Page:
But on another note, countries like Singapore, have rules like if you litter, spit in public, it is a $10,000 fine. Drastic, but it works. And they have banned gum in Singapore. Gum isn't something that you will die without, I thought it was brilliant but a little difficult to bring into other countries as a rule. Also, I heard that there is a country where if you commit a crime that you lose your left hand? Or something? This is a country where they don't use toilet paper so they have to eat and clean themselves with the same hand (yuck!) But really. How many people do you see walking around with one hand? (Even if you do see people with one hand, how many lost it because of a crime?) Not many in New Zealand anyway. It obviously works. I think that OTT punishments would work better because people would be afraid of it more. Rather than a smack on the wrist so they could go back to their crime filled ways. *Shrugs* I dunno. Death for a death in my honest opinion.



Edit: If people don't want to be punished "corporally" then don't do the bloody crime. If it's difficult to follow the rules, then they should suffer the consequences. If you were told that you would lose a hand if you stole candy from a store, I think people would think twice. And don't even get me started on under-age crimes. I:

Becky - posted on 04/01/2011

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Meh, I think that people who torture children should have the same thing done to them. See how they like it.
Okay, maybe not really, but that is my first instinct when I hear about horrendous cases of child abuse. Yes, I know most abusers were abused themselves. But we all have choices. There are plenty of people who had horrible things happen to them who chose to turn it around. The whole, "I was abused so it's not my fault that I killed someone" argument doesn't wash with me.
Now, I do believe that extreme abuse and lack of any attachment to a significant adult can turn a person into a psychopath or sociopath, and that's different. However, should they get off because of that? Hell no! A psychopath or sociopath cannot be rehabilitated. They need to be locked up for life, because if they get out, they will rape/kill again.
To answer the original question, no, I don't think there is any difference between corporal punishment for a child or adult, except that an adult can understand why they are receiving it and a young child often can't. I don't think it's right for either one.

Alexis - posted on 04/01/2011

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Julianne, your comment about rehabilitation and how putting them in jail makes a problem worse, I saw a documentary on solitary confinement in prisons and it was eye opening. It is hard though, because not everybody can be rehabilitated, but yes I do agree we should try. I also understand that many times they come from messed up backgrounds and have gone through a lot themselves, but at what point do you say they cant be rehabilitated? Then what do you do with them? Just keep them locked up for life?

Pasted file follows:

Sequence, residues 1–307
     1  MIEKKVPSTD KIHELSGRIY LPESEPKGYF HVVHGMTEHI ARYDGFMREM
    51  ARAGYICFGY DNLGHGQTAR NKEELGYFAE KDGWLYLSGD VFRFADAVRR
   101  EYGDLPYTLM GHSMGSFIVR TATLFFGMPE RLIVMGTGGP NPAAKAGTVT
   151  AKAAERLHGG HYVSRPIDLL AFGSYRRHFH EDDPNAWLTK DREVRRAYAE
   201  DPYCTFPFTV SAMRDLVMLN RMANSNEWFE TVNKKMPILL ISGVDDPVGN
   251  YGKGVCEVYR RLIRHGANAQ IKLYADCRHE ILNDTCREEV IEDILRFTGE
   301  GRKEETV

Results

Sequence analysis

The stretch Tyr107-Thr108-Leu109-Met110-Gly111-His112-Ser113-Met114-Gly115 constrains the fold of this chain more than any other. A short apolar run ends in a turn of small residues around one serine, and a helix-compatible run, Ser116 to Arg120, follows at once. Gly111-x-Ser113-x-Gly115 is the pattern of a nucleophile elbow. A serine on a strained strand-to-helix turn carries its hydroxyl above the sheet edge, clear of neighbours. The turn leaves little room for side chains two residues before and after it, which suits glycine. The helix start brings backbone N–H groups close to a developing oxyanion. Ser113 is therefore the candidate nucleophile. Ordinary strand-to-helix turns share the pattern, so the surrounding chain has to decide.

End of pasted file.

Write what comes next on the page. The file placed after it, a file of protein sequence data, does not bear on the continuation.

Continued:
[deleted account]

Krista, i never said let all criminals walk. I said if we prove beyond a reasonable doubt they did it, then they should be held responsible. I just feel that if the system was set up differently, if people who had to go to prison were provided with therapy, anger management and other forms of rehabilitation. When released they would be less likely to commit crimes again. Throwing people in jail so they can be beaten humiliated and who knows what else is not going to help anything. Positive discipline is what i believe should happen. Not cruel punishment. Being mentally ill is not an excuse for doing unspeakable things. It is however key in fixing the problem in some cases. Some people are too fucked up to fix though....but they still shouldnt be tortured.

ME - posted on 04/01/2011

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What about the rights of those who are innocent of the crimes they are in prison for?

Stifler's - posted on 03/31/2011

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Meh. Bring back the stocks. I couldn't care less about criminals rights, especially people who rape people.

[deleted account]

Anyone who could commit rape, molestation, murder, or other violent acts suffer from some kind of mental illness. If they were not mentally ill they would not commit such crimes. Even if someone lead a perfectly normal life, if they do these things they are mentally ill.
It is physically impossible to prove or disprove ANYTHING. Nothing is absolute.

ME - posted on 03/31/2011

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I understand...in the states, Capital Punishment is the only form of corporal punishment applied to adults. I am also against whipping and beating them, removing fingers, fingernails or any other type of torture. I guess that I have trouble seeing what there is to debate...Treating human beings, no matter what they have done, like they are animals makes us worse than them; we, after all, know better!

Lacye - posted on 03/31/2011

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Juilianne, How do you explain people like Ted Bundy? He had a "normal" childhood. He was not abused, he grew up in a loving family, and he had nothing wrong with him. Yet he went and raped and murder many many women and one of them was a young girl. It was proven beyond a doubt that it was him. Are you saying he didn't deserve the death penalty? He had no excuse for what he did. He couldn't go and say that he was abused because he wasn't.

Charlie - posted on 03/31/2011

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Exactly , that is why there are different sentances for those who are truely beyond disturbed and have mental illness.

Caitlin - posted on 03/31/2011